(Pocket-lint) – With Windows 10 Microsoft worked hard to take the best features from Windows 7 and 8, while dumping a lot of what made Windows 8 so annoying.
While Windows 11 is on the way now, there are still a bunch of things worth knowing if you’re a regular Windows 10 user.
What’s going on with the Start menu?
Opening the Start Menu brings back the interactive Live Tiles from Metro in the traditional Windows (7 and prior) start menu – however, this has been toned down in later updates. You can still right-click any app here to resize, unpin, turn Live Tiles on or off, or uninstall outright.
Fortunately, if you happened to be a big fan of the Metro interface, you can still access it via the Action Centre icon in the lower right > activate tablet mode > Windows button in the lower left.
Windows 10 Action Centre
The Action Centre (accessible under the icon in the bottom right of the taskbar) serves as a hub for quite a few settings and features. Most notably – the list of actions that require your attention. You’ll see updates for various apps here.
OneNote is quickly accessible here, and it reminds you that all notes are saved automatically. Settings and VPN settings can be accessed from here, as well as the Quiet Hours tile (presumably to use while you’re reading or watching a video, as it will prevent any notification popups while active). You can also invoke Tablet Mode, Flight Mode or Night Light from here, among other things.
Microsoft’s assistant is called Cortana. She’s is present right in the taskbar, and can be used to search by saying “Hey, Cortana” when you enable the setting (also, it only works if you have a microphone). Like several other Windows 10 updates, Cortana has been de-prioritised in later updates.
To enable “Hey, Cortana”, swipe from the right (or click the Notifications icon in the Windows 10 System Tray) to reveal the new Action Centre (Notifications), then tap the All Settings option. On the Settings screen, go to Cortana. From there, switch on the toggle for “Hey, Cortana”.
Cortana can also show you the news, weather, local restaurants and so on. You can use Cortana to set up reminders for upcoming events as well, and sort by person, place, or time. If you set a time for the reminder, a window will pop up in the lower right corner and prompt you to snooze the event or mark it as complete.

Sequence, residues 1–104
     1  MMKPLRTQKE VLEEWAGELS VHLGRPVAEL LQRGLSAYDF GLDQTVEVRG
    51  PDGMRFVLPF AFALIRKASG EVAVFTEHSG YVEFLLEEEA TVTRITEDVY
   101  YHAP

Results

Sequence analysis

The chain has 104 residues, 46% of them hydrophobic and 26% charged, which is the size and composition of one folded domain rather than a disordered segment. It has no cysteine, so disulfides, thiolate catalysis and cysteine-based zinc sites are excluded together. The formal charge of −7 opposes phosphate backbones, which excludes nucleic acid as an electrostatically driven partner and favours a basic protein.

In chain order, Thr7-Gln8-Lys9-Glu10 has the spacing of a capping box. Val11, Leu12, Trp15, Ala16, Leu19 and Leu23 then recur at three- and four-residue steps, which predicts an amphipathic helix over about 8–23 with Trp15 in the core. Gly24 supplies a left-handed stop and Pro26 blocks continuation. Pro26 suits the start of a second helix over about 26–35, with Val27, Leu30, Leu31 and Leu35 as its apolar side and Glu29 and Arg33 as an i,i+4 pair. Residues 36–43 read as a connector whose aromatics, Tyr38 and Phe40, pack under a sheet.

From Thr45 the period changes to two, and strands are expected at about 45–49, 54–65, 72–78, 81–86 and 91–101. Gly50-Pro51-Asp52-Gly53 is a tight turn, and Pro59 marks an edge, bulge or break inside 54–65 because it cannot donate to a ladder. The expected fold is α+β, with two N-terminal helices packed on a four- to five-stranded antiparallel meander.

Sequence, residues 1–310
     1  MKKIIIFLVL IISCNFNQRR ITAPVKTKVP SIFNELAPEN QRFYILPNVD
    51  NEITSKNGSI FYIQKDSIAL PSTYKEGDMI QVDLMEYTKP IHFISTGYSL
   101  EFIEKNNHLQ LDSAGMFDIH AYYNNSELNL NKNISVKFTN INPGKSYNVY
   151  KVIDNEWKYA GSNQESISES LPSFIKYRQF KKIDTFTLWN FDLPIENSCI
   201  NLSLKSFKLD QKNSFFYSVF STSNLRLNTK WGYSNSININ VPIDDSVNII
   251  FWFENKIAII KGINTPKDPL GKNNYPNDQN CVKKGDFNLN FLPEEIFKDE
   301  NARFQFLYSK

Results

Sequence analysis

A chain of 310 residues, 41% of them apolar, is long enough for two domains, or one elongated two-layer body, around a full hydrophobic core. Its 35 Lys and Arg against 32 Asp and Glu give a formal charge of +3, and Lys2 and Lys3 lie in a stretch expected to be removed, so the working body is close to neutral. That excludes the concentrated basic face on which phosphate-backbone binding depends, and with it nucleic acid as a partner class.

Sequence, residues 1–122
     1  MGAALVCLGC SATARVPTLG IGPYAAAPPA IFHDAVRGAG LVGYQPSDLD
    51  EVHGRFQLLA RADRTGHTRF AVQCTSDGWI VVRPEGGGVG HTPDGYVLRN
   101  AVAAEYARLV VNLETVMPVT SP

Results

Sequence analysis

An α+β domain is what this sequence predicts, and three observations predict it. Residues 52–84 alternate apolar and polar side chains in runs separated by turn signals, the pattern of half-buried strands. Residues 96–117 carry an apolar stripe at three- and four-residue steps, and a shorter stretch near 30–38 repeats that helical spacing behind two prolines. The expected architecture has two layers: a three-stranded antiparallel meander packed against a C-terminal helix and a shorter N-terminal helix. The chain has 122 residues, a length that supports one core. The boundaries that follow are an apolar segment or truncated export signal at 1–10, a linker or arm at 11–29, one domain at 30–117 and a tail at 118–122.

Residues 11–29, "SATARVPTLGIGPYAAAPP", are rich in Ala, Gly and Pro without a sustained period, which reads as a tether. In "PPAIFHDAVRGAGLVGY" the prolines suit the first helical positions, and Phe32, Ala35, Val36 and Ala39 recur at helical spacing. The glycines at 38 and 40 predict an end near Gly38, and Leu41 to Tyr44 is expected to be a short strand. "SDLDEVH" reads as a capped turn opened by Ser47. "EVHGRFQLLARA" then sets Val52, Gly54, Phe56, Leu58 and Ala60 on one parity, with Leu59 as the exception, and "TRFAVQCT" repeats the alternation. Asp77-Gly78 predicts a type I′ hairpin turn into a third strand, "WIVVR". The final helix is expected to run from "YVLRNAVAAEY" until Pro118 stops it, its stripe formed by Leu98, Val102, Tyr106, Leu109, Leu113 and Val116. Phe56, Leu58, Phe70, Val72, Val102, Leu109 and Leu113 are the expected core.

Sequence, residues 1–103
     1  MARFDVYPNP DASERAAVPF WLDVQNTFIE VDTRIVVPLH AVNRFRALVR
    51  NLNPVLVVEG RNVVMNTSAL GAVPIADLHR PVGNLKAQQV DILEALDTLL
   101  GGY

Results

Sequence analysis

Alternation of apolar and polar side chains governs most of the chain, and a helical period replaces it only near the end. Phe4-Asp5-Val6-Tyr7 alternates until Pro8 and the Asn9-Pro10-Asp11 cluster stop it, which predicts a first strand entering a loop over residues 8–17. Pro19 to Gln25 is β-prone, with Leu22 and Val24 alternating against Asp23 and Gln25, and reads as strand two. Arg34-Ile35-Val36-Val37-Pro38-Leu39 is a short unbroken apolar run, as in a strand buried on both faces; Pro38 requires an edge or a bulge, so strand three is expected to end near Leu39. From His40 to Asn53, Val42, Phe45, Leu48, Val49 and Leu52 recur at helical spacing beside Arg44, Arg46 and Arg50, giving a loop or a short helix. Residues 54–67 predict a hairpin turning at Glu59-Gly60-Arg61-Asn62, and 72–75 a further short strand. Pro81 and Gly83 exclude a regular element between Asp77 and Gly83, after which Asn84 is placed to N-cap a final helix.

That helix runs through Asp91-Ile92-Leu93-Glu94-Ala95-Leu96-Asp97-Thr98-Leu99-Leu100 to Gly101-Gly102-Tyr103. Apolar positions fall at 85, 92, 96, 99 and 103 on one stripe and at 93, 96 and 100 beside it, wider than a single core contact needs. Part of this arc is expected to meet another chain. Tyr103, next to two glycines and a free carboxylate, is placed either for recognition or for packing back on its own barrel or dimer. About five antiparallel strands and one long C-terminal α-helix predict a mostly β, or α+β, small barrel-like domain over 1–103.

Enable Cortana in Microsoft Edge
Cortana is integrated into the new browser, Microsoft Edge, as well. You can search right from the taskbar, and a variety of results will appear for either a web search or the app store. She handles all kinds of searches very well, and is able to bring up appropriate results for searches like “Netflix” (shows the app store first) or “Photos of Pluto” (opens up Edge and displays top recent images of Pluto).
Just click the Cortana search bar on the Windows taskbar, and then provide your name to set Cortana up. You can also ensure the feature is enabled by clicking/tapping the menu button in Edge, go to Settings, then selecting “View advanced settings” near the bottom of the pane, and toggling the “Get Cortana to assist me in Microsoft Edge” option.
Task view and multiple desktops
Multiple desktops are finally a part of Windows, which is extremely helpful in managing work and home windows especially.
Click the icon right next to the Cortana search bar to open it up – the one that looks like a large square with others behind it. You’ll see the task view with all your currently open windows and each desktop you have open below. Click the “+” sign to the lower right to add a new desktop, and then drag windows to them to organise your workspaces.
Windows 10 shortcuts
There are a slew of new shortcuts with Windows 10. The most notable one are useful for having multiple windows open at once: use the windows key+directional keys (up, down, left, right) to snap each window to a different side of the screen, or even four quadrants.
Use Windows+Tab to open the task view/multiple desktops. Some of the shortcuts get a little intense, but you can use Windows+Control+ Left or Right to cycle through your current multiple desktops. Use Windows+Control+D to create a new desktop, and Windows+Control+F4 to close your currently open desktop.
Command Prompt options
Command prompt got some much-needed love in Windows 10, too. Just right-click the title bar to see properties, and you’ll notice you can now use copy/paste short cuts in command prompt instead of retyping everything.
In Explorer, you’ll see quick access. This will list the most commonly-visited folders, along with the standard set documents, downloads, pictures, etc.
If you’ve gotten tired of delaying updates by specific intervals in the past, that issue has been solved. You can now select a specific time to perform your updates all at once.
Tame your notifications
Under Settings > System, you can manage all your notification options in one place. Every single app can be disabled if you’re just not a notification person, including the built-in things, such as Calendar and Cortana.
Writing by Tyler Fee and Dan Grabham. Originally published on .